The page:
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A windy day of kayak fishing and the Louisiana Green Trout

Posted: September 20th, 2014, 8:15 pm
by gretzkyrh4
Rumor had it this week, that the speckled trout here in Louisiana had finally begun their annual post-spawn migration back inshore. Excited at the prospect of not having to drive 2.5 hours for quality salt marsh fishing (and interested in scouting out some new fishing holes), I loaded up the kayak and set my alarm for 4:00 AM.

With projected winds of 15-20 mph, I selected a stretch of marsh along the southeastern shore of Lake Pontchartrain that would leave me relatively protected from the strong winds. Unfortunately, the nearest combat launch left me with a 1/2 mile paddle through open water.

Rigged up and on the water shortly after first light, I was greeted by two-foot seas, but managed to navigate the 1/2 mile without incident. In the marsh, I began methodically working every point, bend, and dropoff I could locate in hopes of finding some specks. 30 minutes in, I slipped into a protected pocket at the intersection of two canals and finally found what I was looking for. Alternating between live shrimp under a cork and soft plastics, I began bringing in speckled trout hand over fist. With the exception two occasions where a rat redfish and overzealous pinfish beat them to the bait, I was literally catching a speckled trout every cast.

The bite slowed as the sun rose higher in the sky, but bouncing soft plastics across the oyster beds lining the bottom of the canal still elicited the occasional strike. All the while, I began to lose track of the shrimp I had left floating below a popping cork off to my left. That is until I watched the cork disappear below the surface.

Whatever had taken my bait did not run. My line remained slack, and the neon orange cork was still visible inches below the surface. Thinking perhaps I had lucked into a flounder, I quickly tossed my other rod in its holder and gave the cork a solid jerk. Much to my surprise, a thick green form erupted from the water below my cork. Needless to say, it was definitely not a flounder.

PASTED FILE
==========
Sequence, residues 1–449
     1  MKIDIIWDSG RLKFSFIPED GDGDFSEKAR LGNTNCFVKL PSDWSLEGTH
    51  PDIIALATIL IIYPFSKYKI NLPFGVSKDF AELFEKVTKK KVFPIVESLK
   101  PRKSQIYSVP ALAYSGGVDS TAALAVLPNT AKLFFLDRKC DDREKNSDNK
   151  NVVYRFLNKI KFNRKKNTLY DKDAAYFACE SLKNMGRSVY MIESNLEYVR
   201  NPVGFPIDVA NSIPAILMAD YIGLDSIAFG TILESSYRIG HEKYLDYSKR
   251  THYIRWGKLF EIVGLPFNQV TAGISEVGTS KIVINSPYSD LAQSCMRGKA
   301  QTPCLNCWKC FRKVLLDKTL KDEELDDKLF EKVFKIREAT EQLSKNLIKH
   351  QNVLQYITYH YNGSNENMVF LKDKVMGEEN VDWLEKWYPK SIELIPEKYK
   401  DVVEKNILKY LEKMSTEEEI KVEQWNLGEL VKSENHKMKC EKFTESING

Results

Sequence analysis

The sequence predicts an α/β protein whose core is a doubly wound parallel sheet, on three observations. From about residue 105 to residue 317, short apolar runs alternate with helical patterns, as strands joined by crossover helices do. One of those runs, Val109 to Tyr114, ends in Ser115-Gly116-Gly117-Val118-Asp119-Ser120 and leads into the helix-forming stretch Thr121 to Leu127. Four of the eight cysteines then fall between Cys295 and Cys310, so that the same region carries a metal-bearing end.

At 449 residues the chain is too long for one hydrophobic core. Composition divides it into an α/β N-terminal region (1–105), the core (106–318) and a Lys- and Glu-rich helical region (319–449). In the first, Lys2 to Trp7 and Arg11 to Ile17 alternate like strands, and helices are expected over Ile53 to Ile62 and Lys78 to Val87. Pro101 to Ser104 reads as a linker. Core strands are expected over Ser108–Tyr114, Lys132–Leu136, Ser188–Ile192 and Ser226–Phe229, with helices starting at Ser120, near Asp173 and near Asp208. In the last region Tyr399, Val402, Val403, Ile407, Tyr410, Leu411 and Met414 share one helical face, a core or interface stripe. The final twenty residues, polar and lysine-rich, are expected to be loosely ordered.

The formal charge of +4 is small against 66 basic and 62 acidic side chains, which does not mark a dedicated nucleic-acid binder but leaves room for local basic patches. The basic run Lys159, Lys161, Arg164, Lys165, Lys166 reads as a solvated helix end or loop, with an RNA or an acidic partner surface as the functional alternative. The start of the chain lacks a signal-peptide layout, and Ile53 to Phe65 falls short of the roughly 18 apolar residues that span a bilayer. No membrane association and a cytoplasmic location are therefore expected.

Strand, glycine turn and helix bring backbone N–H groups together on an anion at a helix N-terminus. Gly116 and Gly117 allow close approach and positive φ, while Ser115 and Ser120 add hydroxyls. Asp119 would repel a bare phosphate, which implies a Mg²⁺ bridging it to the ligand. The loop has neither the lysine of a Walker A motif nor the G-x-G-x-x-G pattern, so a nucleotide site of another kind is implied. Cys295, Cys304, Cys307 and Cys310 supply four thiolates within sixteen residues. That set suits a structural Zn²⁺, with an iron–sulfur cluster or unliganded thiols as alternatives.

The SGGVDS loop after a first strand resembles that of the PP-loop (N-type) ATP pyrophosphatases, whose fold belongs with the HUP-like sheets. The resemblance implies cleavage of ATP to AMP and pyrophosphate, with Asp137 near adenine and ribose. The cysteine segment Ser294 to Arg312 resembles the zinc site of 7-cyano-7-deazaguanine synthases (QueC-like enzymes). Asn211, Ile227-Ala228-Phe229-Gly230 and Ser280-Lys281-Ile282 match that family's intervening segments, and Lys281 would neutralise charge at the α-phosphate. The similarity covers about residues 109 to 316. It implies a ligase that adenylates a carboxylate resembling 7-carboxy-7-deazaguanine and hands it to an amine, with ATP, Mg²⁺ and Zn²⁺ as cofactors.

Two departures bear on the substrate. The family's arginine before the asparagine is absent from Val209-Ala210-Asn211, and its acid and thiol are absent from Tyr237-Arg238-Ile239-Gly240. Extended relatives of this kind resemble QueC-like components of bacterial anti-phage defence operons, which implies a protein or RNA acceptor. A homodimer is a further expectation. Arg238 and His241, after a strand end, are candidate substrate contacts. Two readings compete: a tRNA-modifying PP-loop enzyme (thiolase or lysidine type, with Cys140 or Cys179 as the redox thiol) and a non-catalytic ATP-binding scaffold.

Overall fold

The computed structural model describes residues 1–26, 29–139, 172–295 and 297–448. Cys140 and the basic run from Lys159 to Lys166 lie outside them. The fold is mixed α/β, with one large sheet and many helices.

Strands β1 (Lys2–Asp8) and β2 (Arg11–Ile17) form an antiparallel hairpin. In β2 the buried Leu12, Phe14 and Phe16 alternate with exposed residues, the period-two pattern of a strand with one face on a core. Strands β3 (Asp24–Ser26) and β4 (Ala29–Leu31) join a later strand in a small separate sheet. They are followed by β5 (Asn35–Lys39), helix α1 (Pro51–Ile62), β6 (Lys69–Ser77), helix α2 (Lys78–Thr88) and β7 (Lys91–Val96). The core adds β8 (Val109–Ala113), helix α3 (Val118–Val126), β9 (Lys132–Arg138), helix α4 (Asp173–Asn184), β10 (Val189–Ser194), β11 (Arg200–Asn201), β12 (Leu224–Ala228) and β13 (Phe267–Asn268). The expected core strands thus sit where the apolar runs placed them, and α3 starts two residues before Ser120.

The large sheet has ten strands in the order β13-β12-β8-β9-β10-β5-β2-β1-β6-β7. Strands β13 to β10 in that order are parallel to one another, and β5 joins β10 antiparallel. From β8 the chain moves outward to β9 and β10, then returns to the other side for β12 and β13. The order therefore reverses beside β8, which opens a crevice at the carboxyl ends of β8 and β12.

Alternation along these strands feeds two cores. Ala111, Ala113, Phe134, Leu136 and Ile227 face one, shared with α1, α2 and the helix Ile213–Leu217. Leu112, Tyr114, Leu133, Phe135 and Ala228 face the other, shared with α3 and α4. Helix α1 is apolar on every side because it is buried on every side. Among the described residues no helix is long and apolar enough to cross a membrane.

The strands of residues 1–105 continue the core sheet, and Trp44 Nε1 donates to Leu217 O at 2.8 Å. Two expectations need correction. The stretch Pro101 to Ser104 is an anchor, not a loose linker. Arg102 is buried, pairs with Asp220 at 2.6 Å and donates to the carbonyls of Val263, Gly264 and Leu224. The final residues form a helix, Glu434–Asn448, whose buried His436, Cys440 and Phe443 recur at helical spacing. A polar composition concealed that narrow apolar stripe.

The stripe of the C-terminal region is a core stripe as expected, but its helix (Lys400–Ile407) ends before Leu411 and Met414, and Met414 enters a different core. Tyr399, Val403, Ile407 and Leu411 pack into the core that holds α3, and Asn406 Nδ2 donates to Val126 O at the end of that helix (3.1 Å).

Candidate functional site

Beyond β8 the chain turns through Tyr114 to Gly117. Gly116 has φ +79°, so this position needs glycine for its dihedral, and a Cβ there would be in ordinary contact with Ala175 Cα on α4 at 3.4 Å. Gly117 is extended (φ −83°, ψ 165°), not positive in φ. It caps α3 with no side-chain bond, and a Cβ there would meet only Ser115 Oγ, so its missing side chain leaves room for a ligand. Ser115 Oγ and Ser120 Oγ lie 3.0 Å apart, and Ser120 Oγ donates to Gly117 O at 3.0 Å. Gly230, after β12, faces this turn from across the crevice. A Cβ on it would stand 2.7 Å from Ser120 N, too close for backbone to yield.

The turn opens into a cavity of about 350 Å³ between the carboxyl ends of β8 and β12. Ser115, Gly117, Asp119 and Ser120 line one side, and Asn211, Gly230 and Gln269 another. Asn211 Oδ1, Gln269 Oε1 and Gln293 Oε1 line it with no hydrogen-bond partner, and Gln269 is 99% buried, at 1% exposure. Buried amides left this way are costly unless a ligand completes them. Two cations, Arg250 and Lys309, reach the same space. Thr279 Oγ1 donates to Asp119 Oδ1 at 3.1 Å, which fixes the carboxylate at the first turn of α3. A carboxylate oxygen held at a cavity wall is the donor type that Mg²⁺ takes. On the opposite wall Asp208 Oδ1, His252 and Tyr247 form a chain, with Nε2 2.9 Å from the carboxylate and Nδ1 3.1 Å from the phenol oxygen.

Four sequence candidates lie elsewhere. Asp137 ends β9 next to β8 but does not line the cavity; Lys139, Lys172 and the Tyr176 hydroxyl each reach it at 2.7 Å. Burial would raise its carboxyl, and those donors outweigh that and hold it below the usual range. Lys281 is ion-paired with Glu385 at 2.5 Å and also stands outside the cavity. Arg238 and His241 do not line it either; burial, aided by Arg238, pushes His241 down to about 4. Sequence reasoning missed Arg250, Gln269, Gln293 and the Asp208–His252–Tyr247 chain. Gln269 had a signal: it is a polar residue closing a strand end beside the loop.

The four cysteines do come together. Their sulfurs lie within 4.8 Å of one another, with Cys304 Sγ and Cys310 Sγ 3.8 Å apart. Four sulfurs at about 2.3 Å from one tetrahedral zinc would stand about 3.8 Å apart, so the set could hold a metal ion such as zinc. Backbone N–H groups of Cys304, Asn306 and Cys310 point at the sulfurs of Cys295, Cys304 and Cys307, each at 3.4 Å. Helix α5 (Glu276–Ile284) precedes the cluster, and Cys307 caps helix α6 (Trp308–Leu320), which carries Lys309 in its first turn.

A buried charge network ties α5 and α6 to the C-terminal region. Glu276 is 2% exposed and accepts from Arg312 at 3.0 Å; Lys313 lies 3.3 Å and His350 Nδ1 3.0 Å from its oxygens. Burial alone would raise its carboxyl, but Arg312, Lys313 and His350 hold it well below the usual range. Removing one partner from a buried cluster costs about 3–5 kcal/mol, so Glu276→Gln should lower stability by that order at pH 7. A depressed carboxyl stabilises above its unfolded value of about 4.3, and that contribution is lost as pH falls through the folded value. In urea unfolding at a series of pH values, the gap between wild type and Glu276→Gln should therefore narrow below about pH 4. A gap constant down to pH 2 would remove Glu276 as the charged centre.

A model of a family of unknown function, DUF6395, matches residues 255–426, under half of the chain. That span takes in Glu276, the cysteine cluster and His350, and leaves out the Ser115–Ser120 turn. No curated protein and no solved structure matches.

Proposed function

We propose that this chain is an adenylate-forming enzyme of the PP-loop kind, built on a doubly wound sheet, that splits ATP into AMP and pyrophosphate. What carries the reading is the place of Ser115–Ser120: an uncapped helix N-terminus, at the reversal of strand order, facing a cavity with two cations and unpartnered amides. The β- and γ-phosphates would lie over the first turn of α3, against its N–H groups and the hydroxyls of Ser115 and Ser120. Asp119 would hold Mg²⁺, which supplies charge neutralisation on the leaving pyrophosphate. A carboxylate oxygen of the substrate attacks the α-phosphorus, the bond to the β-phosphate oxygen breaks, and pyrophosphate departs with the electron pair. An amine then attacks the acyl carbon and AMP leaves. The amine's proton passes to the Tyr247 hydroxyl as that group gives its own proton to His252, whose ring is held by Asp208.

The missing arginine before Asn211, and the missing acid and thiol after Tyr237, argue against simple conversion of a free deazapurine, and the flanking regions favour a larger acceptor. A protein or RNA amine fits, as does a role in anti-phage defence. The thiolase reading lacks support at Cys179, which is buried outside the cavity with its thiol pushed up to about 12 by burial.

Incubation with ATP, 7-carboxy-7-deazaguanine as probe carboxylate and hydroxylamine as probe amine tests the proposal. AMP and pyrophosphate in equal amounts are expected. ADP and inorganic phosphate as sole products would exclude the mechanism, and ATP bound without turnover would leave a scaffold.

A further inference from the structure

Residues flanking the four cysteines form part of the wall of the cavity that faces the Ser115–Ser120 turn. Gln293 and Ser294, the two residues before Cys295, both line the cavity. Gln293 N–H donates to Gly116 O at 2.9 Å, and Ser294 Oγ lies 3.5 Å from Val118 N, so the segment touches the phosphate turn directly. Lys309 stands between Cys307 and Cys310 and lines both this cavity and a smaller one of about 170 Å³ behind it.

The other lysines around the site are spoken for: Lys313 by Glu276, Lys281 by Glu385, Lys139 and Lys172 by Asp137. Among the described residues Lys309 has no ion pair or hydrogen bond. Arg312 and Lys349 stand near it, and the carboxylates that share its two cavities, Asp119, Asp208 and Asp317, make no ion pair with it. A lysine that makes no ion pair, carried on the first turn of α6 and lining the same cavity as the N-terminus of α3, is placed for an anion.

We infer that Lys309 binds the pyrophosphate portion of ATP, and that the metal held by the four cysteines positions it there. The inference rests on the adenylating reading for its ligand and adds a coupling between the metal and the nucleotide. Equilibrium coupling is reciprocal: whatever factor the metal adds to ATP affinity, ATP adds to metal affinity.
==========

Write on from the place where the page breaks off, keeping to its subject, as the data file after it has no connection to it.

A few acrobatic jumps later, and I had my first Louisiana “Green Trout” in hand.

Though not an uncommon catch in the marshes south and east of New Orleans, there’s just something I’ve always found odd about the idea of these fish being here. Pontchartrain is not a freshwater lake. It is an estuary, and this is a brackish marsh inhabited by speckled trout, oyster beds, and shrimp. While there is freshwater influx into the system, it just doesn’t seem like the type of habitat that comes to mind when I think of largemouth bass.

But just in case there was any doubt in my mind as to what I had just caught, the next five casts with that shrimp & cork produced the same result. Cork down, no run, set hook, explosion of green.

The largest (only 15”) posed for a quick CPR tourney pic before being released.

The bass bite eventually gave way to another speck bite which lasted until I was ready to call it quits. In the end, it was one of my better days in a kayak. In total, I spent 5 hours on the water and landed ~50 speckled trout, 6 or 7 bass, and a pair of undersized redfish. Even wrapping up the day with a half mile paddle directly into 20 mph winds and 2-3 foot seas couldn’t ruin the experience (sure made my arms sore though).


Re: A windy day of kayak fishing and the Louisiana Green Tro

Posted: September 23rd, 2014, 2:36 am
by jeffro
Chris, looks like you've got the LA fishing all figured out!


Re: A windy day of kayak fishing and the Louisiana Green Tro

Posted: September 25th, 2014, 5:35 am
by Tim Borski
Chris, that's a cool environment to catch a large mouth! I have some brackish areas way down here that I fish bass but you're just as likely to get bit from a Snook or Tarpon. I like this but it really makes you think about lure selection. As a rule, Snook and Tarpon won't eat a 12" worm or a buzz bait so by default, if you are ok with the trio you need to pitch Zoom flukes and grubs. I love throwing big stuff for bass but typically don't want to exclude other opportunities in these areas so "bore myself to death" by throwing smaller lures... but I'm not complaining.

That's a healthy look bass. (And shrimp.) :mrgreen:


Re: A windy day of kayak fishing and the Louisiana Green Tro

Posted: September 25th, 2014, 5:00 pm
by gretzkyrh4
Thanks Jeff. Hope you're enjoying your first fall in the Northeast.

Tim - I'd happily "bore myself to death" for a snook or tarpon (Admittedly, the latter still hasn't been checked off my bucket list). I may rig a rod with a spinnerbait or big worm before I head out this weekend. It might be interesting to see how big the marsh bass get once I'm bored with the trout. And honestly, I wouldn't be that surprised to see a redfish take a 12" worm.


Re: A windy day of kayak fishing and the Louisiana Green Tro

Posted: October 7th, 2014, 1:56 am
by herpgo
A nice catch!